With the arrival of Soviet rule, the owners of Rokiškis Manor House fled Lithuania, and the remaining artistic valuables came under threat. It was then that P. Bliūdžius and the town's burgomaster Vladas Paukšta began to see to it that they would not perish. In 1940, the museum was relocated into the manor house and declared a state institution. However, this joy was short-lived because in December of 1940 a regiment of the Red Army settled into the manor, the commanders of which refused to cooperate with P. Bliūdžius in order to preserve the collections of artefacts. 

The war began. The Nazi administration completely restricted the activity of the museum. Artefact collecting work grinded to a halt. Many nationalised art objects were never brought back. Many artefacts, especially those that had practical functions, were looted by private individuals. Due to the uncertain safety of the works of art, many of the museum's most valuable paintings and prints were transferred to the Kaunas Museum of Culture in 1941. The Rokiškis museum was once more renamed as the Rokiškis Museum of Regional Studies. Juozas Simanavičius, the secondary school drawing teacher, became the director of the museum. In 1942, at the demand of Hitler's government, the museum was forced to move out of the manor house. Artefacts were stored in the secondary spaces of the manor house. After the war, museum activity commenced once more, the use of the principal rooms of Rokiškis Manor House was returned. In 1947, under the leadership of director Alfonsas Krasauskas, expositions were installed and opened to the public, an extensive collection of prints amassed by collector Povilas Gasiūnas was brought to the museum. In 1948, use of the manor house was awarded to Rokiškis Collective Farm and the museum was once again relocated. This time it was moved to a small unheated wooden church in Vytautas street.

In 1952, the museum, along with other cultural institutions, was returned the use of the manor house. Expositions of archaeology, folk art, natural science and ethnography were opened, and a few years later the first exposition of the Soviet period was set up.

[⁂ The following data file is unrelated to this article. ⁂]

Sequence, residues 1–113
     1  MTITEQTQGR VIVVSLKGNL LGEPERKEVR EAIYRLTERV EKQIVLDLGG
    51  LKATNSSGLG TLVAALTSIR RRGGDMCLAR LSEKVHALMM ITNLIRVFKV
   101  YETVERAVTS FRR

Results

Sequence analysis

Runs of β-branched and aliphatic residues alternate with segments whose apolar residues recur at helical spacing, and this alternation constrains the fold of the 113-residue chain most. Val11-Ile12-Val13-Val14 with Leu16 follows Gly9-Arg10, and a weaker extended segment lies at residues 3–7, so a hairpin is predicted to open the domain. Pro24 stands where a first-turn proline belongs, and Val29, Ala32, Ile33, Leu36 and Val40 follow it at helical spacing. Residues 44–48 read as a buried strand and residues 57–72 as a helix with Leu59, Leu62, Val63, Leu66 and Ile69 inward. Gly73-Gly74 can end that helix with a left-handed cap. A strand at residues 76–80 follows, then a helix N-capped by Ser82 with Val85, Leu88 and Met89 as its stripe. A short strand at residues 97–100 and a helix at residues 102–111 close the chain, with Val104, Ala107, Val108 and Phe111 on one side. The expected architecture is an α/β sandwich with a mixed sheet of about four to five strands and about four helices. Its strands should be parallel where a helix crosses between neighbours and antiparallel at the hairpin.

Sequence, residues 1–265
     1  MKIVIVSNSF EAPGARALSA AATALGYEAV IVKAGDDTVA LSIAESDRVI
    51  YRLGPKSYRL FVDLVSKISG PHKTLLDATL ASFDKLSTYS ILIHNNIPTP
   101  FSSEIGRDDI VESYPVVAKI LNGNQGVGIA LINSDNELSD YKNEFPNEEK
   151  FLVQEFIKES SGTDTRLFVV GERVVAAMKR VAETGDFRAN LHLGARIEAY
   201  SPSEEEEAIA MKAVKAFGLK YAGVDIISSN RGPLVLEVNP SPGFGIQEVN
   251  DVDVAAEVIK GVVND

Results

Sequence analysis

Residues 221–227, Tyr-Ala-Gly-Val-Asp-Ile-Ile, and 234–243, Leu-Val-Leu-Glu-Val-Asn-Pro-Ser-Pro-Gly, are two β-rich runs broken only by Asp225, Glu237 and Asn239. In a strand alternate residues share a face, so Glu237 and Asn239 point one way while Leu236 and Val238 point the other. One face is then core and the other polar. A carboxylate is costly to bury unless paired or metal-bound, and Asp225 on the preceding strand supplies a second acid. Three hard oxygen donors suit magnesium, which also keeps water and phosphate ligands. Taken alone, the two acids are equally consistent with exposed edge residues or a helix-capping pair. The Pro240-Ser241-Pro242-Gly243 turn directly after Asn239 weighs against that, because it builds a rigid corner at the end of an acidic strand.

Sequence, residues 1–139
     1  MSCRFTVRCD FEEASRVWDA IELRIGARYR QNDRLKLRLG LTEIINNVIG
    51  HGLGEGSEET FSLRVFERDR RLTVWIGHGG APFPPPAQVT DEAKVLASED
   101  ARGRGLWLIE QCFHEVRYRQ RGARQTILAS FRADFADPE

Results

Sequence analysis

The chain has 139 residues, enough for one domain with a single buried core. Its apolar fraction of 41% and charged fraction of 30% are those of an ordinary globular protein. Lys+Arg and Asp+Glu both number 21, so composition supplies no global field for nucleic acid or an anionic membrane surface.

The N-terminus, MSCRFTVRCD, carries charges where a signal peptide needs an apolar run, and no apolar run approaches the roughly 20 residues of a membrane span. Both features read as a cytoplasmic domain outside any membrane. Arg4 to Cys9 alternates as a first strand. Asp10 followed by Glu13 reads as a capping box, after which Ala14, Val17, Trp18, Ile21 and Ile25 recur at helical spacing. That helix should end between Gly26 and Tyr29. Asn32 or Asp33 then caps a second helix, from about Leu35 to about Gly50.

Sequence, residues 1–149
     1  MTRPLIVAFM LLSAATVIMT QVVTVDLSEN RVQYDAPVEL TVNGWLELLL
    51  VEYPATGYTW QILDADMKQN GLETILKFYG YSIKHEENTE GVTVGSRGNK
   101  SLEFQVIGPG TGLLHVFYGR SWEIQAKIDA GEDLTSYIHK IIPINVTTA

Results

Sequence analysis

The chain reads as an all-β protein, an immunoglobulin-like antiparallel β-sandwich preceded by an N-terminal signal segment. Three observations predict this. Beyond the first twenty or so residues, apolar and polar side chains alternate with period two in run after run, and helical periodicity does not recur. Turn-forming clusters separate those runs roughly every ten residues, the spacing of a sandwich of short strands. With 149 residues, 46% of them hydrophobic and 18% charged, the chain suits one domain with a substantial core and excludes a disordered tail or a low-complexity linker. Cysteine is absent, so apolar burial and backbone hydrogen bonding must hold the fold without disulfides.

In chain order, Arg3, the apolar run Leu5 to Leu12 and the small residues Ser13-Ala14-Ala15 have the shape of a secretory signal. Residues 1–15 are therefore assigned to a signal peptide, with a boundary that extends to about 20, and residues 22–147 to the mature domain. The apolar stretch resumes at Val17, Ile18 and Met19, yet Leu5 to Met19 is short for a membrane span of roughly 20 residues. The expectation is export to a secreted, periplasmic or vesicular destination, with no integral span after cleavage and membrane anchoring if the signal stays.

A new organisational and creative chapter (1957-1966) in the history of the museum is associated with museum director Stasys Daunys. Under his leadership, the institution's activity became much more intense. In the 1958-1959 period, archaeological excavations were conducted at Juodonys castle mound, a peasant's homestead was transferred to the territory of the museum and a section dedicated to folk domestic life was set up in the manor park. The Zarasai Museum became a branch of the Rokiškis museum, and a folk art exposition was set up in Stelmužė Church. S. Daunys discovered Lionginas Šepka, an incredible wood carver, whose work was brought to the museum. 

In 1966, S. Daunys left the museum to work in Rumšiškės, and Algimantas Kvartūnas was appointed as director by the Ministry of Culture. The museum expanded, as did its collections and expositions. In 1970, a folk art exposition was opened, the following year − an exposition of Lionginas Šepkus’ wood carvings, in the period of 1975-1980 − a historical exposition. In 1979, the museum was granted ownership of two outbuildings, formerly the quarters of employees hired to work at the manor house (kumetynai). The other cultural institutions that had been established in the manor house were accommodated in the new buildings, leaving the museum as the sole proprietor of the manor house ensemble. Besides managing museum activity, the director had to take care of the repair and restoration of the manor buildings, as well as the maintenance of the manor park. The director left in 1980.